As a dedicated foodie and restaurant reviewer, there’s nothing better in life than discovering a truly talented chef who doesn’t take himself (or herself) too seriously.
When a chef takes the time to chat with you and proves more excited about creating amazing food than you are trying it, that chef has added a whole new dimension to your dining experience.
This has always been the case for me with Chef Ryan Adams. The 7-year owner of our Laguna Beach-based 370 Common Kitchen + Drink, Chef Ryan is a rather introspective dude who quietly runs a cadre of restaurants and consults on seemingly every other restaurant project, too.
370’s Shift to Sustainable
To this day, Chef Ryan looks entirely too young to possess such a remarkable resumé. Ryan was designing menus and kitchens back when David Wilhelm still commanded much of our city’s dining experience, and Ryan has continued to consult for a number of restaurants in same manner.
He does this in his “spare” time while also acting as the head of all operations and menu development at 370 Common Kitchen, recently opening the unique Parallel Pizzeria in Dana Point (April 2018, see my review here and also opening his latest concept, Buttermilk Fried Chicken in Old Towne, Orange (July 2018).
Initially the Executive Chef at Sorrento Grille (anybody out there remember Sorrento?), Chef Ryan purchased the restaurant in 2011 with Three Seventy Common’s concept in mind. Establishing a new farm-to-table, comfort food theme, he opened his doors on Oct. 21, 2011 and has seen a never-ending stream of fans ever since.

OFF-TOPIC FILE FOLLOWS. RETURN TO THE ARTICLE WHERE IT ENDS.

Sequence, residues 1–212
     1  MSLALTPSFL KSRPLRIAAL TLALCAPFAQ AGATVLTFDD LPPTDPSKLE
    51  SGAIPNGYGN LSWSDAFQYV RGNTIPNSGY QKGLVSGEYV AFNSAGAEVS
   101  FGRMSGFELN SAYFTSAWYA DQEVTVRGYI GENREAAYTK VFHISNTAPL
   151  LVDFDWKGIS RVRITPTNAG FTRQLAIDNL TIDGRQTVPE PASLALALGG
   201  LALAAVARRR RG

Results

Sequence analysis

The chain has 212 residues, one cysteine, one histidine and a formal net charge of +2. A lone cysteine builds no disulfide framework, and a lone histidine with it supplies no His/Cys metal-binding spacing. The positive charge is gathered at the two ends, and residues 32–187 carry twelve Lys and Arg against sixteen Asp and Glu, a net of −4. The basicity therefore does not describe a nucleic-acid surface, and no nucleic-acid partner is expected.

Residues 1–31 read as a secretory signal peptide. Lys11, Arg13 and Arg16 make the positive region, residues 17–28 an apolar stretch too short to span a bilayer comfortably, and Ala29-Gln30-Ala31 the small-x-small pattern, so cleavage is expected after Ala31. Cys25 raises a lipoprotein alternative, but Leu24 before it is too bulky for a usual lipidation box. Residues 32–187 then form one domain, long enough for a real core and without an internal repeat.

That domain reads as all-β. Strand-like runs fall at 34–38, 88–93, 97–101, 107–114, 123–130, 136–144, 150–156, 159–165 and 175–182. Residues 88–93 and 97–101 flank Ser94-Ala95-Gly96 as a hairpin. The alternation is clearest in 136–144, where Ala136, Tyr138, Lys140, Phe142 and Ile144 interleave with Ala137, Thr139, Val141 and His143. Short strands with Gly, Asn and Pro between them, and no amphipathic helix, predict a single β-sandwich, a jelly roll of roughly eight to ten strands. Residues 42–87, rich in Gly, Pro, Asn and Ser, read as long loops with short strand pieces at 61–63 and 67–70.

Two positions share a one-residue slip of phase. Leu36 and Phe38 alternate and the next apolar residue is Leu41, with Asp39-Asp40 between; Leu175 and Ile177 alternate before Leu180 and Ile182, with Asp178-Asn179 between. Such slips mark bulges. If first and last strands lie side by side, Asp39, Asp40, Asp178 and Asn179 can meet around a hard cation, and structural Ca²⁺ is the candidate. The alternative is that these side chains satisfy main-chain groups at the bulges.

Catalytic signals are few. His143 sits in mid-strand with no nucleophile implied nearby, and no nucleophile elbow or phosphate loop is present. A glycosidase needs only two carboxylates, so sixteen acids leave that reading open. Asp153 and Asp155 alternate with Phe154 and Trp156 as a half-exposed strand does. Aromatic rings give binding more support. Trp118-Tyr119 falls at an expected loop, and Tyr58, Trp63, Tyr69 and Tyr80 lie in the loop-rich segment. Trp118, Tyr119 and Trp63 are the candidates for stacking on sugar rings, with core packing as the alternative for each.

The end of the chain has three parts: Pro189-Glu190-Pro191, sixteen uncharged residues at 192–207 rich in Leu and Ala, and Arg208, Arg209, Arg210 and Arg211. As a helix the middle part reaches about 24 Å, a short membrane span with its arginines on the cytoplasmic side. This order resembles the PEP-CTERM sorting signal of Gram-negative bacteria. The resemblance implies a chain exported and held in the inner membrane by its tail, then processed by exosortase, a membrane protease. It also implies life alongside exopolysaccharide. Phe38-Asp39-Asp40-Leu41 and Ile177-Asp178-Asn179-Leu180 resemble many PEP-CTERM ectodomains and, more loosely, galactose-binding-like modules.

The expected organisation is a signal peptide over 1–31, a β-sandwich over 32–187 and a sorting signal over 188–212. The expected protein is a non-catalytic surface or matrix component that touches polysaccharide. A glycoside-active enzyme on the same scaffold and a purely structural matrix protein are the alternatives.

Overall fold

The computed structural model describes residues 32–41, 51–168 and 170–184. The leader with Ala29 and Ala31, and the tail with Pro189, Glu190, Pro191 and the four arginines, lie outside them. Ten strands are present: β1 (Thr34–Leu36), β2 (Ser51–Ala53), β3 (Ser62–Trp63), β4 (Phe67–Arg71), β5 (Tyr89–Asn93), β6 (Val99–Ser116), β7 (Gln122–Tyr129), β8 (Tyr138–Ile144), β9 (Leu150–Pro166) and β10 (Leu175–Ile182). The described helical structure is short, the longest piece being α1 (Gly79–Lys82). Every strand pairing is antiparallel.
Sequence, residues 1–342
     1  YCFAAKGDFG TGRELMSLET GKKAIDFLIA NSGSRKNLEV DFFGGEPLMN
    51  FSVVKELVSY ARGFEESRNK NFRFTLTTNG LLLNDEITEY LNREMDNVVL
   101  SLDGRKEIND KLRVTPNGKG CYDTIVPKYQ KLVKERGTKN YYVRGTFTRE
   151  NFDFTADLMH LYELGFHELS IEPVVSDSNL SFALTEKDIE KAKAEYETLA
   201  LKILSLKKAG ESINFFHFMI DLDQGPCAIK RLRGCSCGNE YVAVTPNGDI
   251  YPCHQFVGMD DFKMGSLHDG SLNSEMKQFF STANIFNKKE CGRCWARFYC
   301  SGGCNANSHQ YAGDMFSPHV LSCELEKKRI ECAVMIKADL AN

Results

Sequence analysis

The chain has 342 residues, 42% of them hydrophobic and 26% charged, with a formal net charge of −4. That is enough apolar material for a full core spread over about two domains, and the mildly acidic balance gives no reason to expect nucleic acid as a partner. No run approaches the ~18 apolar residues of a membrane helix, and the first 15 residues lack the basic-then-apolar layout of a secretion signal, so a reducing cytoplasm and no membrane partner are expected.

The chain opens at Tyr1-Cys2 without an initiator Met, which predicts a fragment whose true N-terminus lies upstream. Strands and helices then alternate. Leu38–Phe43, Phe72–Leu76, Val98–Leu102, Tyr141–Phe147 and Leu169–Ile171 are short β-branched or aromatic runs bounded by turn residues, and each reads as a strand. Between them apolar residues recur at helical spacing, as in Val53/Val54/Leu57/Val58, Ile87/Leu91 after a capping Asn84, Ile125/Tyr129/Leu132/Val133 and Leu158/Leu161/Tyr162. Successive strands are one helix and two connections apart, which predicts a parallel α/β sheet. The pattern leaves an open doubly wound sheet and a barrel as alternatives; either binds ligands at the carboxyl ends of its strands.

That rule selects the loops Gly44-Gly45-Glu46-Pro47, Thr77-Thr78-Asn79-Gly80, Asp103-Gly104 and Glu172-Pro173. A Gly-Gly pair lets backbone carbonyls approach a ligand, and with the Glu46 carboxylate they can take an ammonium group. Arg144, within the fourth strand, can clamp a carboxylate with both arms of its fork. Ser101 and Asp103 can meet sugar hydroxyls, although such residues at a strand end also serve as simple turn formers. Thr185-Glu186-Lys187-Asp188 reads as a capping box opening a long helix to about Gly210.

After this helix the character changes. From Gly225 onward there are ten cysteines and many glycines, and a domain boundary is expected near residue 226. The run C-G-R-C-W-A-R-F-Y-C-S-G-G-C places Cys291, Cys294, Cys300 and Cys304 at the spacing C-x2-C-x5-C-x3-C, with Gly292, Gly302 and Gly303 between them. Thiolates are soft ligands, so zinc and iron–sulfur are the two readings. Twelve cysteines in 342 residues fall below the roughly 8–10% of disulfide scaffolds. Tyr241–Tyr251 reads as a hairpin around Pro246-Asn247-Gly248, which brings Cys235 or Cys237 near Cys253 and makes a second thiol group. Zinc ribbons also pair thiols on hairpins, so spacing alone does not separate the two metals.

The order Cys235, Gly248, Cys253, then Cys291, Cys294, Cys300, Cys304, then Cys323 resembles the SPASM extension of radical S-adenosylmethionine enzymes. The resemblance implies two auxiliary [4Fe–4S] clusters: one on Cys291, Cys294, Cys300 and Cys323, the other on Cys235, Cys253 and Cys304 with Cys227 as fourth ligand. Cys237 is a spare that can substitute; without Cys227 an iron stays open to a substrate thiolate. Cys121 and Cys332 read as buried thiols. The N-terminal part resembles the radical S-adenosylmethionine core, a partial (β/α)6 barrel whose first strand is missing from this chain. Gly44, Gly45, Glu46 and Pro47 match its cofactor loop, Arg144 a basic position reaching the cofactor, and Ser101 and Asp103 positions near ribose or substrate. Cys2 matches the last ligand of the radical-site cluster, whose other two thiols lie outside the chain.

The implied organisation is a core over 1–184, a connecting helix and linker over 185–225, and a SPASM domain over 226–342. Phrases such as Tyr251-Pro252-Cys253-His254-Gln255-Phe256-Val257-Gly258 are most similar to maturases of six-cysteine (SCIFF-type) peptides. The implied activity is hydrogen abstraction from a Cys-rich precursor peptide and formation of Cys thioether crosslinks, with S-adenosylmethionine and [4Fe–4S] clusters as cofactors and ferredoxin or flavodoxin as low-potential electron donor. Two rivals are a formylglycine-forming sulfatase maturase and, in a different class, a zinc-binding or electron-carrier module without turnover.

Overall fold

“People today want to know where their food comes from,” says Chef Ryan. “The whole concept here is about sustainable cuisine while supporting local farmers in our area. I think just having those two facts in your head is going to make your food taste more awesome.”
The Importance of “Gluten Free,” Foodie Fashion
More awesome it is, indeed. And comfort food – oh, most definitely. But Chef Ryan fails to mention yet another rare caveat at 370 Common – a significant gluten-free offering of options that support people who suffer Celiac disease.
“I actually designed the gluten-free items to cater to our bartender, John Doll,” says Chef Ryan.
“John was so sick at one time that his doctors thought he had cancer before they figured out it was Celiac. As we all went through this scare with him, I realized just how serious this is for so many people. So, we offer a number of items that are gluten-free, and the majority of our menu items can be configured to gluten-free requests.”
And the Importance of “Foodie Food,” Period.
For the record, Chef Ryan’s famous Fried Chicken Night, served every last Sunday of the month, is not entirely gluten free, but he’s working on it.
The good news in the Fried Chicken corner, however, is that he’s now serving chicken every month of the year. Initially, Chef Ryan refused to do his Fried Chicken Night in winter months as chickens with a lot of body fat (thanks to winter months) don’t take to the breading (a lesson his grandmother taught him). A couple years ago, though, he found a local farmer who maintains farm-raised chicken with less than 25% fat content year-round. Problem solved!
Anyone who’s tried Chef Ryan’s Fried Chicken night will praise that year-round chicken farmer because Chef’s chicken is some kind of special.